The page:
Can CBD + THC treat migraines? The first-ever US clinical trial on the question aims to find out

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Top notch pain researchers at the University of California, San Diego, are looking into whether medical cannabis can help people who suffer from migraine headaches – a largely untreatable condition that affects 1 in 7 people, and women at 3 times the rate of men. It’s the first clinical trial on CBD + THC and migraines ever conducted in the United States.

Study participant Allison Knigge, who was in elementary school when she started to experience migraines that continued to get progressively worse as time went on, especially after the birth of her son, explains what they do to her:

I would describe my migraines as a piercing pain. It feels like my brain is being squeezed. It causes extreme sensitivity to light and sound and horrible nausea. There have been times when I have been at a pain level of 6 or higher for approximately 25 days out of the month. They impact my quality of life.

Like most migraine sufferers, Knigge has tried several medications over the years but none have been able to fully manage her pain. So when she was offered the chance to participate in the trial she didn’t hesitate: “I was at a point where I was willing to try anything that could help manage my migraines.”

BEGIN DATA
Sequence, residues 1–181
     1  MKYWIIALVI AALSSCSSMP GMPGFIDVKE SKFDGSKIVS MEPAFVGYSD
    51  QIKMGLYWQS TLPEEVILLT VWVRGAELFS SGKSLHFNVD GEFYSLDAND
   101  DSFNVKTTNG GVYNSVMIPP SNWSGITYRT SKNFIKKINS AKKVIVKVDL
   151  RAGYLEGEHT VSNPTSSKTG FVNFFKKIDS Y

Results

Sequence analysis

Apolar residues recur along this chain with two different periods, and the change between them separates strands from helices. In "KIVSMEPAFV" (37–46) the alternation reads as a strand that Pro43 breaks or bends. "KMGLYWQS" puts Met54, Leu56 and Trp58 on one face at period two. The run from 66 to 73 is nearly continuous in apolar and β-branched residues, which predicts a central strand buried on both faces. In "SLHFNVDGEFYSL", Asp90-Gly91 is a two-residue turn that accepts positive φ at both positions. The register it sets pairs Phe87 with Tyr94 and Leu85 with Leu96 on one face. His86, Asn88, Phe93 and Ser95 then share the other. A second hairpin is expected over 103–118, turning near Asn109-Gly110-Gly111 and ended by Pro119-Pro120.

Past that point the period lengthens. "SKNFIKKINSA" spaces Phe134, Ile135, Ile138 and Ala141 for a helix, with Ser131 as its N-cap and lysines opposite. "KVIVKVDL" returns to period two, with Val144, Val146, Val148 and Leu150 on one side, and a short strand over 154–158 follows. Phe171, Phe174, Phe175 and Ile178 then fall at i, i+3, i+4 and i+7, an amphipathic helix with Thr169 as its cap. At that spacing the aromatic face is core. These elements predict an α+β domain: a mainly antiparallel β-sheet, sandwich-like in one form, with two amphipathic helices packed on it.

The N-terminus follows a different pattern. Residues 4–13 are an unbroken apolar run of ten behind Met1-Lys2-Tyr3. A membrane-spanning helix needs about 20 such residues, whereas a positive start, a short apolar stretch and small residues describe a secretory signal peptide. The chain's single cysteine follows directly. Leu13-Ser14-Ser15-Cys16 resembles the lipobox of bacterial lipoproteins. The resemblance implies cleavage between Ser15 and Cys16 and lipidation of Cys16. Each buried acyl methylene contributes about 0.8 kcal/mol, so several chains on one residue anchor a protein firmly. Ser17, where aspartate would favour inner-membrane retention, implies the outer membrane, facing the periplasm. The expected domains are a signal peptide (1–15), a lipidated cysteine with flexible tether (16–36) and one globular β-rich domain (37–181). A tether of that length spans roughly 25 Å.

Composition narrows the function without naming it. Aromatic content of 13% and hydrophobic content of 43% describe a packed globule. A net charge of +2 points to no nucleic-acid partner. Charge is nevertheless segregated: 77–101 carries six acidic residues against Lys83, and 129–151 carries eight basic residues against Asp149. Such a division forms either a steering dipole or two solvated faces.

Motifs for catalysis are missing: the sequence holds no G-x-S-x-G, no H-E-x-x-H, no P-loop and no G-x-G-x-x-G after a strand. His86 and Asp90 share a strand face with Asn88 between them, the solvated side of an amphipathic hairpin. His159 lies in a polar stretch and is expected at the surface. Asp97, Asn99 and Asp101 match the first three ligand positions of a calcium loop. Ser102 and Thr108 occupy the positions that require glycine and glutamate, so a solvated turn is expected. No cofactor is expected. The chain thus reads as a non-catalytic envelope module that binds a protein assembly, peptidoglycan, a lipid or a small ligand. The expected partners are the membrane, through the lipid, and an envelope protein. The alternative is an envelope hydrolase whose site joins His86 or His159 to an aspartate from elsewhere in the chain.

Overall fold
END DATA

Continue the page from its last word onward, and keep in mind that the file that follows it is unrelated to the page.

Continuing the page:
Allison is one of 90 participants who’ll be placed in 1 of 4 groups: CBD, THC, a combination of the two, and a placebo. The compounds will be administered via a vaporizer because vaporized cannabis may be more effective for those patients who have nausea, said pain management specialist Nathaniel Shuster, who’s running the study.

Shuster says his team is responding to patient demand and a gap in the research:

Many patients who suffer from migraines have experienced them for many years but have never discussed them with their physicians. They are, rather, self-treating with various treatments, such as cannabis. Right now, when patients ask us if cannabis works for migraines, we do not have evidence-based data to answer that question.

And he’s just the one to do it. His impressive resume shows him to be lead or co-author in 24 publications on pain, mostly headache pain.

His study concludes this December and the eagerly awaited results should come out the first half of 2022.

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